As the labyrinth’s simple path winds almost seamlessly

Begging the question of what’s melting away

Is it reality or falsity that’s truly giving way?

The world outside tries to hold fast my heart

Omnipotent dominance it seems as it starts

Parting ways with my soul, staking its claim

I now know my idol. I’ve now named its name

With struggles behind me I slip slowly into

A world of inner circles, whirling, whispering, “This do

in remembrance of me,” as my mind’s eye gazes

on the bread and the wine atop a metaphysical table

My mind’s eye’s impaired for the bread is blurred

Is it unleavened as Paul beckons, or four cornered like the world?

Is it rounded and stiff like a priest’s Sunday collar?

Is it processed and bagged for the American dollar?

The wine, how it sparkles in a cup I know not

Is it silver refined, or clay kilned with cracked pots?

Is it filled individually for communal logistics?

Or one common cup for the monk and the mystics?

The table now set, whetting my deep desire

To sweetly feast, yet my feet seem mired

My mind snaps back, the straight path is lost

Causing hesitation, the frustration, “Dear Lord, what’s the cost?”

My ears now hear amidst the silence

Parapet anthems of victory over violence

The glorious organ gorgonizes my mind

Freezing me in place, a power sublime

The powerful hymns of centuries gone by

Inspire the weak-hearted, those of soul parched and dry

I remember the debate, of late, the bitterness and gall

Of how contemporary music would cause Duke Chapel to fall

A tense, pinched face,

ungraciously distasteful

Murmurs words of scorn

born from lips of past depression

For him, the hymn to whimsical

For her, the words to cyclical

For they do prey on the cynical

An unceasing cycle of miserable spectacle

New music sickens the traditionalist

Missing the Spirit’s movement meant

For a new generation bifurcated upon

An altar of good intention built with stone of ancient song

My walk becomes a dirge, searching for the center

But my eyes arise skyward through the darkness I had entered

A skewed view of centers where worship takes place

The font, pulpit and pews, each of which a means of grace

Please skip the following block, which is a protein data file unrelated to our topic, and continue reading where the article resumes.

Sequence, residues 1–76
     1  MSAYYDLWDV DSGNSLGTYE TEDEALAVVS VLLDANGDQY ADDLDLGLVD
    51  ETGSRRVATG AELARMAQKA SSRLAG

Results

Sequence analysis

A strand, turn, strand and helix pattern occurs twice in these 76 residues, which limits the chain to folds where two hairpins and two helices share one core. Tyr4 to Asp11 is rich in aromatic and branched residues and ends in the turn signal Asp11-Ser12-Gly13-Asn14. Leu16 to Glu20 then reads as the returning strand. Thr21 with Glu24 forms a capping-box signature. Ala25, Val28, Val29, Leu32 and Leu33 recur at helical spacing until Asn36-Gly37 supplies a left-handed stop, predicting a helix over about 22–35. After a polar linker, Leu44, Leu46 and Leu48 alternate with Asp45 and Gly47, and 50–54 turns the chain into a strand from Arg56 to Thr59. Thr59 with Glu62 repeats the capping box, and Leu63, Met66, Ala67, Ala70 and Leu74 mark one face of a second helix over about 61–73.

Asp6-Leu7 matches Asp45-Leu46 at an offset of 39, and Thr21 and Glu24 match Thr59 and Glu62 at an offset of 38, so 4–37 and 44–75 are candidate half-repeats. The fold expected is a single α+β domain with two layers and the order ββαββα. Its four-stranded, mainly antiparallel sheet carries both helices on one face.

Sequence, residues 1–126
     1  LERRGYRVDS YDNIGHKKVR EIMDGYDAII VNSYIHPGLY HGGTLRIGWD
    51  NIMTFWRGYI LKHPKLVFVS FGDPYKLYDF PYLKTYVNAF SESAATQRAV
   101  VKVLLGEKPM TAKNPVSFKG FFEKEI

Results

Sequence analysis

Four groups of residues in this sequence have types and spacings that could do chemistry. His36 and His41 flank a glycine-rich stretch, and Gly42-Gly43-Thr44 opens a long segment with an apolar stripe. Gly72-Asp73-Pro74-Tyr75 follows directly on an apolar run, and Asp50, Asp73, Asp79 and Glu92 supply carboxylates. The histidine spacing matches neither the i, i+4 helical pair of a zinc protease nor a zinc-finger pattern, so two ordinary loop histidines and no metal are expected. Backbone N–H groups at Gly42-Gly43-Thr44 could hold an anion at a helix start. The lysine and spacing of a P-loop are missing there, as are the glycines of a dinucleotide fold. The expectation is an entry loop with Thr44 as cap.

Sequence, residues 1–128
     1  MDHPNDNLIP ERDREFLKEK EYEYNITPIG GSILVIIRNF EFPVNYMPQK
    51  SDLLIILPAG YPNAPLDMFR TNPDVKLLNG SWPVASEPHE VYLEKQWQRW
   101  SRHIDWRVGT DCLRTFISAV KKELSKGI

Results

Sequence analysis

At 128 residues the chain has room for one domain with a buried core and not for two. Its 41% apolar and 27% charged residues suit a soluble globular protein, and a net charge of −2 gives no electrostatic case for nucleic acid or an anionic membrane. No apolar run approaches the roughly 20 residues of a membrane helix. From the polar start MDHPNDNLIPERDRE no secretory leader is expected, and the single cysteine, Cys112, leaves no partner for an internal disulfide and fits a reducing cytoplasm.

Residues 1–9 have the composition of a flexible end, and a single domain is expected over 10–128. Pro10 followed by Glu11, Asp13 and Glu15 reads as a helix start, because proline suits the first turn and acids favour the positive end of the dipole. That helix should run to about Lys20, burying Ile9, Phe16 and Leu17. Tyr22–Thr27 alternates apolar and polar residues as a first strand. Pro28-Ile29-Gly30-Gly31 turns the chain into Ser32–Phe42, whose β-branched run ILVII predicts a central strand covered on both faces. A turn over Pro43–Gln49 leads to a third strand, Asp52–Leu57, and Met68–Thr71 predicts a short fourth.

The pulpit sits upon a ton of quarried, crafted stone

With faces of the past, old memories on loan

For those of our generation often unknowing of the past

The lives of the Saints, stiff in stone in darkness vast

Hearing a Word unheard before

Stories of the soul’s seeking

Is like a babe’s first momentary gaze

Toward the mother of her birthing

Eyes open anew peering deeply into

The mystery of life’s wonder

Understood not completely, yet instinctively known

Is the grace given me so freely

The pews hewn from mighty oak, trussing unsuspecting folk

Who journey here with heavy hearts before departing with lightened yolk

The in between is transformation, desperation lifted ‘way

While hearing that the debt is paid, by grace through faith the soul is saved.

Moving from the pews I wander to the font far off from view

Masquerading a signal import as ottoman of wealthy few

Ornately adorned with sides of eight, contemplating rebirth

Dying with Christ and rising anew, a sinner of infinite worth

At the head of the church, perched high above the maze

A wooden cross hides, disguised amongst disciples’ gaze

Anamnesis teasing time, I find myself within the crowd

Shouting loud a screaming scorn, “A crown of thorns upon his brow!”

Whipped and kicked with sinners’ hate, my Lord awaits his paschal fate

Pilate dances as he dangles silent Christ in grand debate

To the crowd aroused with fury, Pilate hands them God’s own son

With hands still dripping he announces to the crowd, “thy will be done!”